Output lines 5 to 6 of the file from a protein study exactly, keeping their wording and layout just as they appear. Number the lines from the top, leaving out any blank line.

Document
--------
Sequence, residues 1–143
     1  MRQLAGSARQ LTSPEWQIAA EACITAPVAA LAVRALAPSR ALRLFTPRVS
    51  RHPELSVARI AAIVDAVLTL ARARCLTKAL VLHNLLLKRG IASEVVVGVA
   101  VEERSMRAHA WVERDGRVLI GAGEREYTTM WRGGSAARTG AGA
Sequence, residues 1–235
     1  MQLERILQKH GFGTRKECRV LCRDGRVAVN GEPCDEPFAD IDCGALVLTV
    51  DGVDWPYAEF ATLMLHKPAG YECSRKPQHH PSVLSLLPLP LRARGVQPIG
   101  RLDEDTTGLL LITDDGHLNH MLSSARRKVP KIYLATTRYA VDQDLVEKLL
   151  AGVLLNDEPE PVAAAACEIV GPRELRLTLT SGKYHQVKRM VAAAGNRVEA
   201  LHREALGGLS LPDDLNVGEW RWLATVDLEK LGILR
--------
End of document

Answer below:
Sequence, residues 1–235
     1  MQLERILQKH GFGTRKECRV LCRDGRVAVN GEPCDEPFAD IDCGALVLTV